In the last post Brad came out with a baseball bat and swung it at Johnny Mac, hitting him right in the “grandpa is a racist, just like the rest of those old white guys” soft spot. This post will supersede that one.
Let me start by saying Racial Reconciliation isn’t a topic I’m an expert in, or something I know a great deal about—so I try to tread lightly if I can help it. As a minority Californian born in the 80’s I’ve never experienced, or really even seen, the damaging racial problems that are reportedly commonplace elsewhere. And since I don’t feel qualified to speak on it, I generally don’t. But the last post was a bridge too far, and so I am now compelled to write this.
My grandparents were both Church of Christ (which is a Christian unity movement that made a terrible mash of doctrine and is now something like a haunt for bad ideas in the final stages of decay) and so believed that pretty much every Christian denomination was in serious error. Us Church of Christ folks can be a… narrow minded bunch. So needless to say the wider Christian community was not to be listened to or submitted to. That is, except John MacArthur. Of him they bought every cassette tape, of every sermon, and to him they listened religiously. They played J-Mac mowing the lawn, doing the dishes, folding laundry, and when they weren’t at home they’d still put on J-Mac on for their dogs Winnie and Buffy to listen to. My grandparents bought every book he wrote, then a second and third copy to hand out to friends. And when my Grandpa, who was an elder in the Churches of Christ, became frustrated by the other elder’s obviously bad behavior and terrible doctrine, it was John MacArthur who steadied him to stay the course. Both my grandparents are in glory now, and I’m convinced that they are where they are because of the faithful preaching they heard. And because of their perseverance in the faith (no small feat in the Pelagian community), I am here today. I owe him a debt of gratitude—in addition to cutting my teeth on his preaching from a young age.
John doesn’t know me. He never met my grandparents, but I’m pretty sure even if he were to hear this story it would be a very ordinary one for him, one he hears all the time. So it was with great chagrin that I read what my friend Brad wrote, and to correct this I’d like to reroll the post as follows:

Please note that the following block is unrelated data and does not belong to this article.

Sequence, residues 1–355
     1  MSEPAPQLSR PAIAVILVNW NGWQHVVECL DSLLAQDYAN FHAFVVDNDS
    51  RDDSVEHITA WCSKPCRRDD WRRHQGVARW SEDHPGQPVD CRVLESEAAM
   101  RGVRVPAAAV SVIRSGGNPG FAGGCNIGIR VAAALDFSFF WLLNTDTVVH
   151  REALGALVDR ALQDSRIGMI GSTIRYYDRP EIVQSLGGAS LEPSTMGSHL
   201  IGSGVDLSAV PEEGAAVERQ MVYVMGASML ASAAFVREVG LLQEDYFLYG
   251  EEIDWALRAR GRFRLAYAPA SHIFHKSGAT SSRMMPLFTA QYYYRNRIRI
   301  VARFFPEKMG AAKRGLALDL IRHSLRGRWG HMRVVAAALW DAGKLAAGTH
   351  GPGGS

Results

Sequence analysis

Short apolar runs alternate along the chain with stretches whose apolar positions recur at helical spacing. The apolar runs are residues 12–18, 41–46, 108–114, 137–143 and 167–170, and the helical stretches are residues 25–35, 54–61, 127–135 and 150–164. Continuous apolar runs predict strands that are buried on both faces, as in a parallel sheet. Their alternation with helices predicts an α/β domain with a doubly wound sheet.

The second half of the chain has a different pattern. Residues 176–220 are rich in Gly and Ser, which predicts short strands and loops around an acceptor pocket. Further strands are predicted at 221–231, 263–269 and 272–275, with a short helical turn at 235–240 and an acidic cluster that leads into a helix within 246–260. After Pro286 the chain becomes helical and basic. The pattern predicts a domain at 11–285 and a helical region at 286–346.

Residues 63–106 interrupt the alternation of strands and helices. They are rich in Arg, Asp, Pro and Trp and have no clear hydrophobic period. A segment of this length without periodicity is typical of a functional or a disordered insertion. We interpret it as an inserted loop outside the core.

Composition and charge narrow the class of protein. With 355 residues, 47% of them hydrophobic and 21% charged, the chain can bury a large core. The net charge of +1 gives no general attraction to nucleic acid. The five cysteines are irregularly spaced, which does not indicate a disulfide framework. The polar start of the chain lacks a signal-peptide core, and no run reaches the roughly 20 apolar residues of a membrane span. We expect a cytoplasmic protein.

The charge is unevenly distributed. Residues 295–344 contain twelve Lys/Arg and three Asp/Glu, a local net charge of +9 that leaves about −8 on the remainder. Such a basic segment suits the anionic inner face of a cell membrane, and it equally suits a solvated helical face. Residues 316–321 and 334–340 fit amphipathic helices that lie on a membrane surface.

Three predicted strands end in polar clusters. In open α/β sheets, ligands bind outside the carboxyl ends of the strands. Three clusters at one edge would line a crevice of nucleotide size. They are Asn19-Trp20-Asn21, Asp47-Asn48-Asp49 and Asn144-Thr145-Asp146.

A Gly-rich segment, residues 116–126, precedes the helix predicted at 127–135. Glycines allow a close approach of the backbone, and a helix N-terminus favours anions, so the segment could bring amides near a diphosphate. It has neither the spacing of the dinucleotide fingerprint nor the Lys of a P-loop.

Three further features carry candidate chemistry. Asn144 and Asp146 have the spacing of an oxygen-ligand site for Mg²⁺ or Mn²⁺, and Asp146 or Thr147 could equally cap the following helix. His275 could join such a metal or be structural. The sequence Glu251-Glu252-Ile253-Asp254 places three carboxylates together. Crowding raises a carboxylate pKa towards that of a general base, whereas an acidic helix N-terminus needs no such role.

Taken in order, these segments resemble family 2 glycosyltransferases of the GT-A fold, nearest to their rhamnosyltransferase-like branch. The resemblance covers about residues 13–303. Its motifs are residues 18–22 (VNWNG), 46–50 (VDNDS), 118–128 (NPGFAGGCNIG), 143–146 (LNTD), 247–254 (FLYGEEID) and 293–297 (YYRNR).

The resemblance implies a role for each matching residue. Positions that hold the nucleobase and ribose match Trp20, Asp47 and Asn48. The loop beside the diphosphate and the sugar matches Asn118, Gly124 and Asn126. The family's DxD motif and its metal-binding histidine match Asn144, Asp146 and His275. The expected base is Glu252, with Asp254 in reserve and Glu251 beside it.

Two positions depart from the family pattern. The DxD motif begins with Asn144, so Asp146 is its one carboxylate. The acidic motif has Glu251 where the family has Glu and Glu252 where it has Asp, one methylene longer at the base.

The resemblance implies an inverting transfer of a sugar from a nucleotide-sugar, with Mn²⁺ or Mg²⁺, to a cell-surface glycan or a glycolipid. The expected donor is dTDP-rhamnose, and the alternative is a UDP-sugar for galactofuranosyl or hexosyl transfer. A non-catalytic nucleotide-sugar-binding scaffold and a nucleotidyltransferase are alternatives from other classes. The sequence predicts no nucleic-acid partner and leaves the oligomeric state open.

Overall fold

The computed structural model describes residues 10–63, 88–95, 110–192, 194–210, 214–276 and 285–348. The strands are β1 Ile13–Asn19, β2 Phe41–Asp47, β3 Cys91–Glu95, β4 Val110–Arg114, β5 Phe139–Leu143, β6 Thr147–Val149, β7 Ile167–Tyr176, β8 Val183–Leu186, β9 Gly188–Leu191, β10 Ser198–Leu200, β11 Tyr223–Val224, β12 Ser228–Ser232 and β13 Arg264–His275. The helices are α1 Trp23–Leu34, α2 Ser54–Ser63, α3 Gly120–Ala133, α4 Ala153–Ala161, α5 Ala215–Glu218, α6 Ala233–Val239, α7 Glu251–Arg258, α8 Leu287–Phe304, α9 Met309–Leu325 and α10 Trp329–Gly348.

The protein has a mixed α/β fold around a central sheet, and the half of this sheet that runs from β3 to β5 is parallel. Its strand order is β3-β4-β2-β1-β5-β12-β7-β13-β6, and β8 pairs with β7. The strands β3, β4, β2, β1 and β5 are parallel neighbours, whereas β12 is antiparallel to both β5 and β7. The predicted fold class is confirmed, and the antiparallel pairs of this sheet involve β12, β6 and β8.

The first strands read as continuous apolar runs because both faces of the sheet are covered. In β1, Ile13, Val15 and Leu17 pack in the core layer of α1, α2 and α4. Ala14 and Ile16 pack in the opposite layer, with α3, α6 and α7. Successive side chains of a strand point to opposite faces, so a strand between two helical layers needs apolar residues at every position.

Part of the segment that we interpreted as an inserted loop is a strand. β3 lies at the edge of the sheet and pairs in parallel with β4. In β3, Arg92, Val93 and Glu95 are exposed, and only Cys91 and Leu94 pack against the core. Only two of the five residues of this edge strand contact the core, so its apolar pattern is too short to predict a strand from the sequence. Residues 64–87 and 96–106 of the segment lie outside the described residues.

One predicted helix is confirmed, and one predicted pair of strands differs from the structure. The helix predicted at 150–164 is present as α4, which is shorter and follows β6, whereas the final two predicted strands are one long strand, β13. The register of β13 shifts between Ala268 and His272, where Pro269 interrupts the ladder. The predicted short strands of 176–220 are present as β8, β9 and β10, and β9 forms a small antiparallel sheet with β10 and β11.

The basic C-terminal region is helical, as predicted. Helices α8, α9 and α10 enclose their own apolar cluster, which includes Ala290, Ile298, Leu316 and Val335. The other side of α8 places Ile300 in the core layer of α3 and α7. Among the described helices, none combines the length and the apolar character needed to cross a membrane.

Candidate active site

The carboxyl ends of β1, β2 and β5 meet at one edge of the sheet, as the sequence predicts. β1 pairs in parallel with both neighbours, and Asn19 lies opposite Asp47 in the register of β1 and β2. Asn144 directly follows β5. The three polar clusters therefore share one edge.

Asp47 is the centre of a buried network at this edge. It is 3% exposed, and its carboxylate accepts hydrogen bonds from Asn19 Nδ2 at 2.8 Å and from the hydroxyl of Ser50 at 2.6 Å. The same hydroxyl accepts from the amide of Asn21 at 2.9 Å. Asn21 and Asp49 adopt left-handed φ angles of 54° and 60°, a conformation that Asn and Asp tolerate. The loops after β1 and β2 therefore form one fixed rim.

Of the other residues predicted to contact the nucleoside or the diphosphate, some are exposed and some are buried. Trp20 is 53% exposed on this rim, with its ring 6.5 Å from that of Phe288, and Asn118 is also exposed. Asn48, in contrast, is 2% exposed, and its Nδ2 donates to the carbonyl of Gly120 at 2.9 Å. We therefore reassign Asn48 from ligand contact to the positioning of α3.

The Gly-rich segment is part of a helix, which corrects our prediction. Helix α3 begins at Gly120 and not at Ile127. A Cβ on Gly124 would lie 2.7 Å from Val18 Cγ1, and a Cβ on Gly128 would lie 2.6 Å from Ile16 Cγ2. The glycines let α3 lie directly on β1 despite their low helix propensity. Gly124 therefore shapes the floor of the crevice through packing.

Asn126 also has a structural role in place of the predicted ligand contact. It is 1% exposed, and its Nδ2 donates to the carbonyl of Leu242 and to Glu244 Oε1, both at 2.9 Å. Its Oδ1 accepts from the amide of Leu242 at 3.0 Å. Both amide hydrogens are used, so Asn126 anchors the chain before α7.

Pastor John MacArthur of Grace Community Church, The Masters Seminary, and Grace to You has recently posted a blog, “Social Justice and the Gospel,” where he decries the current social justice movement within evangelicalism. In his words:
“This recent (and surprisingly sudden) detour in quest of “social justice” is, I believe, the most subtle and dangerous threat so far.”
It is a short piece, really only an introduction to a series of posts he intends to write on the subject, so I don’t have much to say yet. What I would like to briefly address however is the claim that the movement today is fundamentally different than that of the 1960’s and 70’s. I don’t believe it is, but John argues that now Christians advocating social justice are mirroring “the jargon of worldly politics.” He writes,
The evangelicals who are saying the most and talking the loudest these days about what’s referred to as “social justice” seem to have a very different perspective. Their rhetoric certainly points a different direction, demanding repentance and reparations from one ethnic group for the sins of its ancestors against another.
Upon reading the above I have concerns that he will encourage white evangelicals to stop in a convenient place before full racial healing with their black brothers is accomplished, and that he will use the right doctrine as the reason for it. Unlike John, I don’t believe social justice advocates are harming the gospel but are demonstrating it, and I’m further concerned that his being too general in the upcoming series will not address the real problems we actually face.
John isn’t perfect, his dispensationalism comes on too strong much of the time. His doctrine with regards to covenants leaves something to be desired. He seems to purposely misunderstand the reasons we baptize our infants. But John was right about the no lordship salvation people. He was right about Strange Fire. He was right about the Emergent Church. He is the Spurgeon of our day, and his work and continual focus on heaven is unparalleled. For that reason I look forward to listening deeply to what John says in the upcoming days. If there is anyone who has earned the right to change my mind it is John MacArthur.